Current status: reading obsessed! Since I enjoyed reading about other people’s reading lists from 2020, but reading challenges are a bit too much to commit to, I thought it would be fun to start a monthly reading roundup (let’s see how this goes).
Although, I’ve given myself a modest 30 books to read this year to account for any unexpected life events. Also, I’m a slow reader. And I noticed that someone on Goodreads counts children’s books towards her total — I mean, c’mon, really? So now, I’m suspicious of anyone with a 100+ book count. (Or jealous, Lani, jealous.)
Typically I read nonfiction during the day and fiction before bed. I believe mornings and evenings are sacred times, so in the mornings I try to read something inspirational and in the evenings I avoid horror, depressing, or heavy stuff. I also consider myself more commercial leaning rather than literary.
Historical fiction is probably my favorite because I love the learning + entertainment factor. So if you’re missing travel in particular, or simply want to discover new reads by destination, you might want to check out The Book Trail.
The Island of Sea Women by Lisa See was recommended by a friend after she saw my newsletter share on the badass Korean grandma deep sea divers of Jeju Island. But don’t let the bright sunny cover fool you, it’s a intense story that centers around two women, their friendship, and a war that tore them apart. So, yeah, based on what I just told you about what I like to read, it was a hard book at times.
The amount of detail and research that Lisa did for this novel deserves huge praise and mention. You learn about how this matriarchal society functioned, the world of free diving, and the heartbreaking consequences of the wars that devastated the island. I can’t remember the last time I’ve said this about a book, but I feel like a better person having read it.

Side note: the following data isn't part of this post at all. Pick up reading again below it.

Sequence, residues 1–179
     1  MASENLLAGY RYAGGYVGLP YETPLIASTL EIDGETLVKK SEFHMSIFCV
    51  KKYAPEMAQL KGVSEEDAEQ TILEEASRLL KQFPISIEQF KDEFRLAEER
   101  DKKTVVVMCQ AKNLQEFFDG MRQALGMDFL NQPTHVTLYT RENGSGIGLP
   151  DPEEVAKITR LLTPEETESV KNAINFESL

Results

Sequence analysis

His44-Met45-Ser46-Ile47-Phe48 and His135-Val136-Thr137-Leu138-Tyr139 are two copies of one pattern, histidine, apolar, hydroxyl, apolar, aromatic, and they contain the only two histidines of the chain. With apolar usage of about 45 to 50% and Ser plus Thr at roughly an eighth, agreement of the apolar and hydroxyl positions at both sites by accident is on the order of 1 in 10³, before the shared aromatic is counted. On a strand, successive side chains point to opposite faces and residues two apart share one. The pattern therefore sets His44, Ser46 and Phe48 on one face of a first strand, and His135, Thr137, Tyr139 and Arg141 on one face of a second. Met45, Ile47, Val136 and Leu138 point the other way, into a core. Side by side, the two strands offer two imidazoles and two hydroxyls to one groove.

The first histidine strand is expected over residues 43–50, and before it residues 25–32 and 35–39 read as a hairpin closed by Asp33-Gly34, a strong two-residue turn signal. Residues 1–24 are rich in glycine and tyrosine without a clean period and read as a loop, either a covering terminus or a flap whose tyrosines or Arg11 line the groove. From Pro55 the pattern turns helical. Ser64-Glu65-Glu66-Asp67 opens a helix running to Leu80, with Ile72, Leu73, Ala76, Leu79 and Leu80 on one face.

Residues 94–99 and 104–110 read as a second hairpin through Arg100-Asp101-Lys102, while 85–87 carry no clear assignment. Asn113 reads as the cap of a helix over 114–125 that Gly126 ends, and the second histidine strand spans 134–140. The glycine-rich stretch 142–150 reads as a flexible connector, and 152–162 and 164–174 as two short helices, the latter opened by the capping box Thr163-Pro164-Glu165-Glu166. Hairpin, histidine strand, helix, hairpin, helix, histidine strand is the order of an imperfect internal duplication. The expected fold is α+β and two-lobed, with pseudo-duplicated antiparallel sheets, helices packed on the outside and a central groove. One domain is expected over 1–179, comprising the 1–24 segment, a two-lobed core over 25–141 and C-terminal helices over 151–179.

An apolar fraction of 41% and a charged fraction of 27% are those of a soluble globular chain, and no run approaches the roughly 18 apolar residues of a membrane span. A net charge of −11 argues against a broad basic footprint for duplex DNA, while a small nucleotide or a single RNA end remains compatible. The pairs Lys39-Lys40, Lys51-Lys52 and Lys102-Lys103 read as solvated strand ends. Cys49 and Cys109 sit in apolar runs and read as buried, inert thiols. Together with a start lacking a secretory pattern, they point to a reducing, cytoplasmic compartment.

Whether you’re a memoir fan or foe, Mary Karr has your answers. She undresses the genre in a way I’ve never seen before with tons of examples pulled from memoirs. But she’s definitely not for everyone, very Texan, shoots straight from the hip. This book also is not a ‘how to’ but more of a MFA class on what memoir is really all about.
Lastly, I read The Samurai’s Garden by Gail Tsukiyama. It’s a beautiful quiet book and now one of my favorites. Thanks Jeremy for the recommendation.
Here’s a stripped down description from Amazon: Tsukiyama uses the Japanese invasion of China during the late 1930s as backdrop for her unusual story about a 20-year-old Chinese painter named Stephen who is sent to his family’s summer home in a Japanese coastal village to recover from a bout with tuberculosis. Here he is cared for by Matsu, a master gardener. Stephen also learns about Matsu’s soulmate, Sachi, a woman afflicted with leprosy.
If you’re up for it, please do your own post on #readingroundupjan21 Then tag this post, so I can read it. And if you decide to join The Story Graph, please find and add me 🙂 My handle is: lanibearprincess just like my IG. Happy Reading!
What did you read in January? Did you give yourself a reading goal this year?